‘Savior’ Zavier Lucero tearfully breaks injury news to teammates
Propped up by crutches and his eyes all welled up, Zavier Lucero on Thursday night summed up his role—or lack of it—for University of the Philippines (UP) in Game 3 of the UAAP Season 85 men’s basketball tournament Finals.
“I’m done,” Lucero was quoted as saying during a team film viewing session Thursday, where he completely broke down. “I won’t be able to help you guys out there. I didn’t want it (collegiate career) to end this way, but I will be there to cheer you on.”
He then asked his fellow Maroons for one thing: “Win it for me.”
Cavite governor Jonvic Remulla and Pato Gregorio, members of the UP management committee, narrated that scene to the Inquirer over the phone as the Maroons will prepare for the rubber match set at 6 p.m. at Smart Araneta Coliseum on Monday with Lucero unavailable.
The 6-foot-7 forward, as confirmed by MRI tests done late Wednesday after a 66-56 loss to Ateneo, tore his left ACL and could be out for at least a year, his promising pro career sure to be put on hold while also failing to end his collegiate stint on his terms.
“He just gave the team our rallying cry—win it for me,” Remulla said, adding that the team practiced Friday minus Lucero.
Gregorio said that the entire team cried while Lucero spoke, against the backdrop of a paused clip of the noncontact drive where the athletic big said he heard a crack on his left knee.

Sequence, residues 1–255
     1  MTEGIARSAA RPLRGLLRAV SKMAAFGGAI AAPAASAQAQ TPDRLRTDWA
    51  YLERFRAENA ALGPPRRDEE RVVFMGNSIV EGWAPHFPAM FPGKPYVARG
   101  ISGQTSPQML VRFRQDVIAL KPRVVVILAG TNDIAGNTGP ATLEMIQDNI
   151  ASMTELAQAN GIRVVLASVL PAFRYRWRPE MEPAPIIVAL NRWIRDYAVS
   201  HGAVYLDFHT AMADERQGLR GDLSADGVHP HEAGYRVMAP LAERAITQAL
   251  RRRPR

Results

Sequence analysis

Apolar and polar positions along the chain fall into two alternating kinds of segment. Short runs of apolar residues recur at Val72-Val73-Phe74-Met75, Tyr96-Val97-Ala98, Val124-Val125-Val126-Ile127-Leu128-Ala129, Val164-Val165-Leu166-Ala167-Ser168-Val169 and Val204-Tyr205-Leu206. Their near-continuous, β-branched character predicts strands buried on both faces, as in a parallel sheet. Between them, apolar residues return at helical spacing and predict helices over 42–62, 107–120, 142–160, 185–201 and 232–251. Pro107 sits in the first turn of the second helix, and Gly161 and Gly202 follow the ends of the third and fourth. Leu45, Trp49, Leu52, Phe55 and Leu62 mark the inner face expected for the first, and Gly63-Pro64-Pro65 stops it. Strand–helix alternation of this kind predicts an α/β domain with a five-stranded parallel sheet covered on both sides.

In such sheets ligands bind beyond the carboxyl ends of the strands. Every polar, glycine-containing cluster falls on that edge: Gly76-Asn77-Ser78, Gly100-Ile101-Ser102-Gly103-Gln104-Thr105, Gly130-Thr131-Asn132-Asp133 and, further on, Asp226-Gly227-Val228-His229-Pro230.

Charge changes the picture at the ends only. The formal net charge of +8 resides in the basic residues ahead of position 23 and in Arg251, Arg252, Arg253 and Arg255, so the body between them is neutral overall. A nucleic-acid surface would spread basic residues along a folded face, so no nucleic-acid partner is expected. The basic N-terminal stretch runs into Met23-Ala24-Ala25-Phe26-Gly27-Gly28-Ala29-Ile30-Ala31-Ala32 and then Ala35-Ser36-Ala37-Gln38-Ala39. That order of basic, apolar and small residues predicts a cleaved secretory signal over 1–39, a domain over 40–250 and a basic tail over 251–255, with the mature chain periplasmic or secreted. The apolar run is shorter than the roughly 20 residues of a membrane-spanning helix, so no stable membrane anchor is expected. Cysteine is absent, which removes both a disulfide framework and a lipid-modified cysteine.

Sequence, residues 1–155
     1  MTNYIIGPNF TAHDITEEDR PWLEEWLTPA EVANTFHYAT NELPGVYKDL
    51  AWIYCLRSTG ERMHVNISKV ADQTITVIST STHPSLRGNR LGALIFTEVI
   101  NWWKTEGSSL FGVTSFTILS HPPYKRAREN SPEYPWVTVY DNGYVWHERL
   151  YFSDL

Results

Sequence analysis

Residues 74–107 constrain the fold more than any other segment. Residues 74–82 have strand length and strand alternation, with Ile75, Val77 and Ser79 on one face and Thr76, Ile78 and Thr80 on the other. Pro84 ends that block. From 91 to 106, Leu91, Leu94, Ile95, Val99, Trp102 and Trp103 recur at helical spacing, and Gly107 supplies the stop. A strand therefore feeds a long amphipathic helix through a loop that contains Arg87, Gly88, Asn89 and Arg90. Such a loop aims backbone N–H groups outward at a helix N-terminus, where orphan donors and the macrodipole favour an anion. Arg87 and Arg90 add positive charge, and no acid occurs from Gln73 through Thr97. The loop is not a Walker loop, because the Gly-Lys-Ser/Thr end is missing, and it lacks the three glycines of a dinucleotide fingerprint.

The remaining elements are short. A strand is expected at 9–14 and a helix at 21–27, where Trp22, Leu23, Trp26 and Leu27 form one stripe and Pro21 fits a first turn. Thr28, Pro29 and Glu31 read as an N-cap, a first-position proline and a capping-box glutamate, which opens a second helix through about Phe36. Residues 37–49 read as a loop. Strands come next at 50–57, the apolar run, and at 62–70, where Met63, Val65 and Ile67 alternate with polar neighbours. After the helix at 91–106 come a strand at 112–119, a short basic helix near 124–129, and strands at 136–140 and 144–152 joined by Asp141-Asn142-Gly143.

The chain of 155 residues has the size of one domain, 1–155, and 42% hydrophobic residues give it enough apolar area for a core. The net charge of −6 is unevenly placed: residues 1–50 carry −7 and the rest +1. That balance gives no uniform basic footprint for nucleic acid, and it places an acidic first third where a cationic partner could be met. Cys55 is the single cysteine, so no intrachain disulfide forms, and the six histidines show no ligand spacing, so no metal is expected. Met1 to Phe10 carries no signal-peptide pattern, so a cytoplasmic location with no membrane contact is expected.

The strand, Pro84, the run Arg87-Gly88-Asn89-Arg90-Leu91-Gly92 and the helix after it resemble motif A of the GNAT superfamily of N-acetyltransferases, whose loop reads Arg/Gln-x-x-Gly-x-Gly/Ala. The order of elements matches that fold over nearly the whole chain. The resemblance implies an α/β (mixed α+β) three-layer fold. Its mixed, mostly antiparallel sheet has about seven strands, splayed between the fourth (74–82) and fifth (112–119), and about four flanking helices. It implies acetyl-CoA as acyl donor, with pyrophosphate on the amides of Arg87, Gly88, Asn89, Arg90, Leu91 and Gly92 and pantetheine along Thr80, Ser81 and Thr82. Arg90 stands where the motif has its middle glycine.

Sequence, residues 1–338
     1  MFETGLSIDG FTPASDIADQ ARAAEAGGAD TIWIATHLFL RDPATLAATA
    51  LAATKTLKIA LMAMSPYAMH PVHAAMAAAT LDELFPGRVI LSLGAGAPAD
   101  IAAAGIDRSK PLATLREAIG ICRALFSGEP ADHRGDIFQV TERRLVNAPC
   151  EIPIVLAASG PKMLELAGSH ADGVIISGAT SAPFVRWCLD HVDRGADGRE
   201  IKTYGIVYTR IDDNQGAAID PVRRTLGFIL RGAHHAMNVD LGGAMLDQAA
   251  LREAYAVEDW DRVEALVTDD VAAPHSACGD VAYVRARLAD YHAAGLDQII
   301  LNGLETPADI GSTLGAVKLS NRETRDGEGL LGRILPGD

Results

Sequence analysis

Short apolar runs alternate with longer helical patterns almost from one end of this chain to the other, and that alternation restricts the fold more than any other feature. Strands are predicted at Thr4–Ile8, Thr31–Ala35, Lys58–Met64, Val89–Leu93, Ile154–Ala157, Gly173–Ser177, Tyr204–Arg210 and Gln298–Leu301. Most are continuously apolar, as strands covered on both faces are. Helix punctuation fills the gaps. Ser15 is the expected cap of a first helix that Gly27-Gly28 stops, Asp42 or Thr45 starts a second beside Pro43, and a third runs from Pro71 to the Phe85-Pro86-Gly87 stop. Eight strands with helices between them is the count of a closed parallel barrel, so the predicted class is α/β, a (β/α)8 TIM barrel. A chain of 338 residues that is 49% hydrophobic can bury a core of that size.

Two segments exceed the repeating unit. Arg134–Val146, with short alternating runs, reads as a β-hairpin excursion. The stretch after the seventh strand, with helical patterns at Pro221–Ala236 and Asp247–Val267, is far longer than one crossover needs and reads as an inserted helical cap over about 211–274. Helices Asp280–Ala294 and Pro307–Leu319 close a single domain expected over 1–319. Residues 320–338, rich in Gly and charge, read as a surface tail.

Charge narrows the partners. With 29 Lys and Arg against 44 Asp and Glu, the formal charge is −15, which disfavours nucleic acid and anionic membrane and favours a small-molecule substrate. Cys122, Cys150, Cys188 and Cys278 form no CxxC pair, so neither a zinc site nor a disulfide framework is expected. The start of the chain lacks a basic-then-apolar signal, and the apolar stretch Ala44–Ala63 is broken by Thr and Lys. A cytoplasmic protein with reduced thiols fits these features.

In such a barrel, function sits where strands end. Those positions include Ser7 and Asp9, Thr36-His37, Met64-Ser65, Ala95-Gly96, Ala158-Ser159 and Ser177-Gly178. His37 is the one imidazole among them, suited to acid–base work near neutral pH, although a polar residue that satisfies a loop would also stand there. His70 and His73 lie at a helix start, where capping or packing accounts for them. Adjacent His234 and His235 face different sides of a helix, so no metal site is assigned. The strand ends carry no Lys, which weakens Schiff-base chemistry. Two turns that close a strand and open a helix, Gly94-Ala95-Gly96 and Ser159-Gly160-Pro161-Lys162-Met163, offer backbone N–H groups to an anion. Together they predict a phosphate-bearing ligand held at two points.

“He basically gave the team the motivation it needs, even if we will be one player down,” Gregorio said.
Born from a Mexican father and a Filipino mother, Lucero is considered by his family as the “lucky” child after the family gained some stability on the year he was born.
Remulla, who has had long talks with the cager’s parents, said Lucero’s name was supposed to be “Savior” because of all the good fortune the family had when he was conceived.
Lucero was, indeed, the Maroons’ savior in a 72-66 series-opening win, his block on the towering Ange Kouame in the winning seconds sealing the deal.
But that luck turned ugly in Game 2.
This will be the second injury to a major cog at UP this year after CJ Cansino also suffered an MCL tear last season. But unlike Lucero, Cansino still has some playing years left and will definitely be there for the Maroons next year, possibly again as their leader on the floor.
Cansino, the transferee from University of Santo Tomas, was there to buoy up his ex-teammates during lulls, telling them to keep a positive attitude even while they were playing so bad that losing Game 2 was inevitable early.
The Maroons will have two cheerleaders with supreme talents on the bench come Monday, and if UP won last year with one of them on the bench, who knows what two stars trying to perk up those on the court can do?